Malawians should expect improved power transmission and distribution as three projects being implemented under the Millennium Challenge Account (MCA) are on track.
Zilani Khonje, Communications and Outreach Director for MCA, told journalists in Lilongwe on Friday that some of the components within the three projects had gone beyond 50 per cent.
Through MCA, Malawi is expected to have amplified power transmission through the installation of new transformers, establishment of power substations in all the regions and interconnection of electricity to Mozambique, Zambia and Zimbabwe.
Further, it is expected that through the project, Nkula A power plant will be refurbished which will in turn improve the reliability of the plant, extend its useful life and avoid the plant’s partial or total failure.
Khonje said it was pleasing to see all contactors on the sites and working hard to meet their deadlines.
She said: “As an office, we are pretty sure that come 2018, all projects shall be completed and by that time, it is clear that Malawi as a country shall have a better and improved power system.
“Actually under MCA, we are running three projects which are infrastructure development, power sector reform and the environment and natural resource management.”
She said the infrastructure development project, among other things, includes the rehabilitation, upgrading and modernizing ESCOM’s generation, transmission and improve the capability of the transmission system, and increase the efficiency and sustainability of hydropower generation.
“This is designed to upgrade the backbone of Malawi’s transmission network to: improve the quality and reliability of supply in the northern, central, and southern regions of the country; increase the capacity to move power from the south; reduce technical losses on transmission lines and provide a secure transmission link between the southern and central regions.
“The funding is also supporting the 400 kV power line (the transmission ‘backbone’ of the Malawi power system from Phombeya in Balaka to Lilongwe, which covers the southern and central regions of Malawi and the 132kV line parallel to existing 66kV and 33kV lines from Chintheche to Luwinga and from Luwinga to Bwengu in the northern region,” she said.
The Power Sector Reform and The Environment and Natural Resource Management Projects are aimed at providing support for the Government’s policy reform agenda and building capacity in pivotal sector institutions: ESCOM, the Malawi Energy Regulatory Authority (“MERA”), and the Ministry of Energy (MoE) and address the growing problems of aquatic weed infestation and excessive sedimentation in the Shire River which cause costly disruptions to downstream power plant operations.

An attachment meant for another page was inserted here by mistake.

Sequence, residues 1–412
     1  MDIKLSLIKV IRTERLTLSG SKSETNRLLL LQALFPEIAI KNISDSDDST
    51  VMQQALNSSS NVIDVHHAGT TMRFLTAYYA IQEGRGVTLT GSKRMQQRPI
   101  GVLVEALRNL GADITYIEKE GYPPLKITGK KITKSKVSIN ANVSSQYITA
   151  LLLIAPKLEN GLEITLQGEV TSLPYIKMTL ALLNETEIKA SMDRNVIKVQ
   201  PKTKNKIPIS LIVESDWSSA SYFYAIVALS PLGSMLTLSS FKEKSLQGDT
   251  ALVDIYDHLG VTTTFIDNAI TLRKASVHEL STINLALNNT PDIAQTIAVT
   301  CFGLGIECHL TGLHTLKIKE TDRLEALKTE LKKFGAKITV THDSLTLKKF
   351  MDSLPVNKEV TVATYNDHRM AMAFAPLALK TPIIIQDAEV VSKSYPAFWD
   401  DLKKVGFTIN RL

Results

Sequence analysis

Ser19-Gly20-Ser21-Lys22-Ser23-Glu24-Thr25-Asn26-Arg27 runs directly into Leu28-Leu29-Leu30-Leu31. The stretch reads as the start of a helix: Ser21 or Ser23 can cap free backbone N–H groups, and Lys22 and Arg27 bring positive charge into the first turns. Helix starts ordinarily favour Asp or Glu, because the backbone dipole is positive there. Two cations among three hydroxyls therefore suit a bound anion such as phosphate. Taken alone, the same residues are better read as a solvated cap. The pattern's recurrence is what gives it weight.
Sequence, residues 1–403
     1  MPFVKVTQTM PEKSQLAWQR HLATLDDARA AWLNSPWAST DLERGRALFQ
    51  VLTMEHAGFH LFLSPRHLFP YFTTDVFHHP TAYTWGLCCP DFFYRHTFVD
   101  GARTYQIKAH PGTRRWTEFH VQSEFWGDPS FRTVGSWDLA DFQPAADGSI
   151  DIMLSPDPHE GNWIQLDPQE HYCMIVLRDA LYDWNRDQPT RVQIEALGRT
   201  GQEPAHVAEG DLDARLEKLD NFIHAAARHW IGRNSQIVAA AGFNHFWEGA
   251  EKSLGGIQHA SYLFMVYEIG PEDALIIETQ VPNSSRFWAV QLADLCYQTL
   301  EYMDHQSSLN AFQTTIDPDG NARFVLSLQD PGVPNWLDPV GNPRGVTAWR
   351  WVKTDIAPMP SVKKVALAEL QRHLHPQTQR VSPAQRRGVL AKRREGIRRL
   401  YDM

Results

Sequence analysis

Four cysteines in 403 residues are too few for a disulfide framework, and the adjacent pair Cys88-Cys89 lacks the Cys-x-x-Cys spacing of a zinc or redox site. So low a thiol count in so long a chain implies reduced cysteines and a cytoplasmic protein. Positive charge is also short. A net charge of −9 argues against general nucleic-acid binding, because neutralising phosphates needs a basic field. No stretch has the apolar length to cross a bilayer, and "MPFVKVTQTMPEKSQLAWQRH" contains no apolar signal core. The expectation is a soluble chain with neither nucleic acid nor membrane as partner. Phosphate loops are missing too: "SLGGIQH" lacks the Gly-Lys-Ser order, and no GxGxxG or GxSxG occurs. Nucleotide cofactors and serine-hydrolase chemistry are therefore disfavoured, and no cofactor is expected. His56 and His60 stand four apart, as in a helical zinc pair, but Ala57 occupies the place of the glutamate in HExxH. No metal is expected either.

The department of Environment and Natural Resource Management is also expected to improve land use and watershed management practices in the Shire River basin by addressing underlying environmental and social issues.
Nkhonje, however, appealed to government to look for more companies in the areas of power generation as the MCA project only concentrates on power transmission and distribution.
“Government should continue to seek and attract sustainable investment from the private sector and other donors to add significant amounts of new generation to the system,” she said
Larsen and Toubro (L and T) Construction Manager, Manoj Goel told reporters at Nkhoma substation that everything was in place and come November 2018, the transformers would be handed over to Malawi government.
“We are receiving good support from MCA and the government and we are working to meet our deadline,” said Goel.
Currently, the company is constructing a concrete foundation which will support the 200 megawatts amp (MVA) transformer. The transformer and all the other equipment will be on site for installation by March 2017.
MCA-Malawi director of Infrastructure Development, Felix Nkhoma said by the end of the Compact Term, the Infrastructure Development Activity, together with the Government’s commitment to complete construction of Kapichira II, will result in increases in generation capacity (from 286 MW to approximately 356 MW),
Nkhoma said the project would also improve the network capacity (from 260 MW to approximately 410 MW) and distribution capacity (from 868 MVA to approximately 1,078 MVA), and reduce the total system losses from 23 per cent to around 18%.